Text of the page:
So much for fears that the US consumer is foundering. Retail sales rocketed higher in January, with headline sales up 5.3% from December, and so-called control sales measures up 6.0% to 6.2%. Similarly sharp January gains were registered by every major component of retail sales. This writer cannot remember any monthly release that showed such uniformity of monthly changes.
As for the aforementioned fears, just a month ago various analysts were fretting that consumer spending was slowing down, presumably due to the waning of federal aid. In contrast, our reading was that sales were merely going back to sustainable levels, as shoppers were “double-dipping” in summer and fall, satisfying current needs and also buying merchandise not purchased during the spring shutdown.
Today’s news kills the fears. However, it doesn’t directly vindicate our story, as our explanation wouldn’t have predicted the extremely strong gains announced today. Instead, the best explanation we can offer for the extremely strong January gains—and much of the November/December declines—is that seasonal shopping patterns have been disrupted by the pandemic.
Government data are seasonally adjusted to reflect “normal” past experience. The dominant seasonal event for retailers is the Christmas shopping season, and the Census Bureau’s retail sales data are adjusted to smooth out the effects of extremely large sales gains over October-December followed by extremely large sales declines in January.
The declines in adjusted sales reported for October-December actually reflected (hid?) sharp sales gains before seasonal adjustment. Similarly, the 5% to 6% sales gains reported today for January reflect (hide?) 17% declines before seasonal adjustment. Yes, an unadjusted January decline in sales of only 17% is an extremely strong result relative to past history. Again, our contention is the pandemic altered shopping patterns, understating the strength of spending last fall, and overstating the strength in January.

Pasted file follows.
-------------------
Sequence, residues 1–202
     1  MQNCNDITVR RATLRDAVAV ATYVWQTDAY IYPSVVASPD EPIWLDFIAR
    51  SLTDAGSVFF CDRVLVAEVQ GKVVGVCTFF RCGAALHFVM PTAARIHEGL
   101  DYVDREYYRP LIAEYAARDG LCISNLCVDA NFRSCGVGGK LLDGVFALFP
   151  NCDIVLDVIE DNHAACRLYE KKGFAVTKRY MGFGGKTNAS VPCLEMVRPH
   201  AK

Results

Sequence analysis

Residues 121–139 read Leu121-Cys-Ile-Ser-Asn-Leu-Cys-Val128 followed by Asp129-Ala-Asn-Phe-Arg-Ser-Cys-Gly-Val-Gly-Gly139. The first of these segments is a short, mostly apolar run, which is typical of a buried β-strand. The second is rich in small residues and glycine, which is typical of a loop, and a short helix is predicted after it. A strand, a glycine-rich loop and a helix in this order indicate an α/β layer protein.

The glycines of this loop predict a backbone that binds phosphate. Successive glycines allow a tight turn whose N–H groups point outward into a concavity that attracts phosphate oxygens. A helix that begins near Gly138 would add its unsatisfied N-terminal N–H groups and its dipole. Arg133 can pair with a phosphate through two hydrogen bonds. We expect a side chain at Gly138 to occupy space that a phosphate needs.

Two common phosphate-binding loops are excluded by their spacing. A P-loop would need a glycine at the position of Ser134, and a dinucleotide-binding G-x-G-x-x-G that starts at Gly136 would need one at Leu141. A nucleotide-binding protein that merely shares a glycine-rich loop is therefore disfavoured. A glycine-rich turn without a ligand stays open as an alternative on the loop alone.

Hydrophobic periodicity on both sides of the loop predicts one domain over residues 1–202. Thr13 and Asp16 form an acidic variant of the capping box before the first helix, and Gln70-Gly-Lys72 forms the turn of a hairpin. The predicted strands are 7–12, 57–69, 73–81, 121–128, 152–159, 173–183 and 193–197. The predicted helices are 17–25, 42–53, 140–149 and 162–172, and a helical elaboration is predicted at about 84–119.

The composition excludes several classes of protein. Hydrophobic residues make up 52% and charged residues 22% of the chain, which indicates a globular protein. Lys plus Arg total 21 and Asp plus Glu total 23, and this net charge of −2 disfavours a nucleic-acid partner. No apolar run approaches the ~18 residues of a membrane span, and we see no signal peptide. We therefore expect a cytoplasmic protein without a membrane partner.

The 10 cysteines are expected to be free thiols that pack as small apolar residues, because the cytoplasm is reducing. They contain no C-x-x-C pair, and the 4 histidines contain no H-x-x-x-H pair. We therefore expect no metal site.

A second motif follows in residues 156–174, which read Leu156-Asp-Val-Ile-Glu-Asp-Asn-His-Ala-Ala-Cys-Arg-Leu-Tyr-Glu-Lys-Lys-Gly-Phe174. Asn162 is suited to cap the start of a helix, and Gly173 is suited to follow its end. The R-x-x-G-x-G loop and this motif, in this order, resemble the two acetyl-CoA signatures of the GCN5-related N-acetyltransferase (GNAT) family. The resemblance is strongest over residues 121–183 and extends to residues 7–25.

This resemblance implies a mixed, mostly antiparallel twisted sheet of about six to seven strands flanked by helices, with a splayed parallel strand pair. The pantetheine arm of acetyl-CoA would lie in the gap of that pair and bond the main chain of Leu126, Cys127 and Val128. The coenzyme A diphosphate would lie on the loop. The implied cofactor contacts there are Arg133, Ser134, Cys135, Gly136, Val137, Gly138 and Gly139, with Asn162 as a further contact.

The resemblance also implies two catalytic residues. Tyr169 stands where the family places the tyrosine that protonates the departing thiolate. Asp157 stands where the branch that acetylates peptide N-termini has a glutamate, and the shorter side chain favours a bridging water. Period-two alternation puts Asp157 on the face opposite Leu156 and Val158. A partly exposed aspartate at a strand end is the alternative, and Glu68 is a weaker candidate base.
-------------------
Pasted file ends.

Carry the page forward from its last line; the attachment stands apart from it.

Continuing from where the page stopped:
Hopefully, Exhibit 1 allows you to see through all this noise. It shows both monthly movements in control sales as well as a moving 12-month average of sales. The monthly data show all the short-term ups and downs from the shutdown(s), reopening(s), then the Covid Christmas.
Notice that beneath all these swings, the 12-month average of sales has been above its pre-Covid trend even since last September. In other words, shoppers bought enough merchandise over the summer to MORE than make up for all the shopping not done during the shutdown. And even with the reported declines in sales in 4Q20, the 12-month average has continued to move further above those pre-Covid trends over recent months.
Again, there never was really any consumer weakening late last year, and the January news obliterates those fears. In fact, the data through January completely kill any case for further government stimulus … or at least they would if policy were driven by real-world facts.